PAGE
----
How To Use a CO2 Fire Extinguisher
For your property to be fire safe, you should have a wide array of fire safety equipment at your disposal — one of the most important tools being a CO2 fire extinguisher. Many people may wrongly assume that as long as you have a fire extinguisher present, your premises are protected. In fact, every commercial property should be equipped with multiple fire extinguishers, including a CO2 extinguisher. But what sets a CO2 fire extinguisher apart from others?
Luckily the team at LW Safety is here to help with this useful article, explaining just when you should use a CO2 extinguisher.
What does a CO2 fire extinguisher look like?
CO2 extinguishers can be easily identified by their hard horn and lack of a pressure gauge. The internal pressure of these extinguishers is so great that dry ice is often expelled; this makes a hard horn crucial for operation, as this can cause frostbite if it makes contact with the skin.
At first glance, all fire extinguishers may appear to look fairly similar. However, each classification of fire extinguisher should correspond with a different coloured band; in the case of CO2 extinguishers, they should be marked by a black band. CO2 extinguishers are also typically smaller and lighter to handle than other types of fire extinguishers.
When do you need a CO2 fire extinguisher?
CO2 extinguishers are distinct in their ability to be used on electrical fires; this is because the CO2 gas discharged is non-conducive, so will not result in electrocution when used on live electrical equipment. They are a popular choice for offices and server rooms as the gas expelled leaves no residue. This will not cause damage to expensive equipment like other extinguishants, such as water, foam or powder.
CO2 extinguishers can also be used on fires fuelled by flammable liquids — commonly referred to as Class B Fires — so are sometimes found in labs or on petrol forecourts.
How do you use a CO2 fire extinguisher?
Step 1 – Assess the surroundings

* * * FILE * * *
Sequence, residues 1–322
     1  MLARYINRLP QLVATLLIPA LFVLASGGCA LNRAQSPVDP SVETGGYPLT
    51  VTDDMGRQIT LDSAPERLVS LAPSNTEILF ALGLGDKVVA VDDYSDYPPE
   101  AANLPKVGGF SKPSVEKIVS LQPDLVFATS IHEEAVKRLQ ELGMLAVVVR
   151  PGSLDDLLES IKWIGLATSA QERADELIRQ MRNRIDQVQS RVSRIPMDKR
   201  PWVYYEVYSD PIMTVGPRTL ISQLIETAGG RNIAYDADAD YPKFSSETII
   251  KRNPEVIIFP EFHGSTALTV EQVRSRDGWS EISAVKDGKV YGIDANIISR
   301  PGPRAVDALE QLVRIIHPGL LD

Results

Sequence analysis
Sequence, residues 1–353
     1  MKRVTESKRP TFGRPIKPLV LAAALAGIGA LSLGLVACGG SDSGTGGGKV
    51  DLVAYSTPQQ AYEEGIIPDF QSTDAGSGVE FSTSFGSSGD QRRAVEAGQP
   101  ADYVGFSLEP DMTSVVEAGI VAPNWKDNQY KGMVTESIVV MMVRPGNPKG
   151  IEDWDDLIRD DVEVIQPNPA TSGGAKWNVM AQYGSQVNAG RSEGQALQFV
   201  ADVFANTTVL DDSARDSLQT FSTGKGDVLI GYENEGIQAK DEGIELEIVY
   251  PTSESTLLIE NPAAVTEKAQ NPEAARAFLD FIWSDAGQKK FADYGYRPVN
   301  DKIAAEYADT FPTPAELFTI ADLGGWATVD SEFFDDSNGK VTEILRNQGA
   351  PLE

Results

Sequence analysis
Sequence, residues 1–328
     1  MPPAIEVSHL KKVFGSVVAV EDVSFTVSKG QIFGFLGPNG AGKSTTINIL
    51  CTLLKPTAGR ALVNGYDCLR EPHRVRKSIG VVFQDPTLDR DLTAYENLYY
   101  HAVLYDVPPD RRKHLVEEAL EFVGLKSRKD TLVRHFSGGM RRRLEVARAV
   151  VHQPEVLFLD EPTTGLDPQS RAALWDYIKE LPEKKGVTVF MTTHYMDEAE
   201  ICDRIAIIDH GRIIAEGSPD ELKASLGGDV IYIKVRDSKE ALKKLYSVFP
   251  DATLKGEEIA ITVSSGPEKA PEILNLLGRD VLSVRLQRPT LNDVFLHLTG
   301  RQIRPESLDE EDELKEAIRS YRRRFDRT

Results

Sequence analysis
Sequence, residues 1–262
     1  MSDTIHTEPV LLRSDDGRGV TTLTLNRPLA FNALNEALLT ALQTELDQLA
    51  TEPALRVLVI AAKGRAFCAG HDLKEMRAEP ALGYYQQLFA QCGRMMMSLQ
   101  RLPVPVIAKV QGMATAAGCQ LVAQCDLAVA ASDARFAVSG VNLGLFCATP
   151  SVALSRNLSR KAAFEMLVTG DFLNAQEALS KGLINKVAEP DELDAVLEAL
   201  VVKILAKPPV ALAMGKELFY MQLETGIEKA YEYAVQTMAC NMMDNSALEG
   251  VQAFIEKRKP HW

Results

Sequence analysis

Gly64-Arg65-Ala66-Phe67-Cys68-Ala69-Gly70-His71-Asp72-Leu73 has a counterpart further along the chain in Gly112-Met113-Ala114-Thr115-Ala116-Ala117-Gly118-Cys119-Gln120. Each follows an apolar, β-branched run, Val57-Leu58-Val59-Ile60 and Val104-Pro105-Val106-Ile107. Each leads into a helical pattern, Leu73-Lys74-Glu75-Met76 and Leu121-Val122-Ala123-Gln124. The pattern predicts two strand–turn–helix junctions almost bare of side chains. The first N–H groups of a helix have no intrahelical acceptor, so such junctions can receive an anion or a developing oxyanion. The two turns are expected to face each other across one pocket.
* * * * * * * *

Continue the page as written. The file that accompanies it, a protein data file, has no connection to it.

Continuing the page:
You should only ever operate a fire extinguisher on smaller fires. Should the fire already be large and out of control, using a fire extinguisher will likely have little effect, so it’s best to evacuate as quickly as possible.
It’s also crucial to consider the environment where you will be releasing the extinguisher; CO2 extinguishers should never be used in enclosed spaces as there is a high risk of asphyxiation due to the rapid reduction in breathable air.
Step 2 – Aim
If possible and safe, you should turn off the electrical supply to prevent re-ignition. You should then aim the hard horn at the base of the fire; this ensures the extinguishant takes effect quicker as the fuel is cooled at the source.
Step 3 – Discharge
If you’re sure it is safe to do so, you can begin operating the CO2 extinguisher. The anti-tamper pin must be removed, and then you can squeeze the lever and begin discharging the CO2.
A CO2 extinguisher has a very short discharge time so, once the flames have been doused, it’s important to evacuate quickly in case of possible re-ignition. Due to how rapidly the CO2 is released, there will likely be a loud noise — don’t be alarmed!
Here at LW Safety, we supply CO2 fire extinguishers to commercial premises throughout Wembley, Harrow, Uxbridge and beyond. We can also provide regular maintenance work, to ensure all of your extinguishers are in good condition and ready to protect your property.
Our BAFE-accredited team have years of experience and are happy to provide advice on the right extinguisher for your needs — simply contact us today for additional information.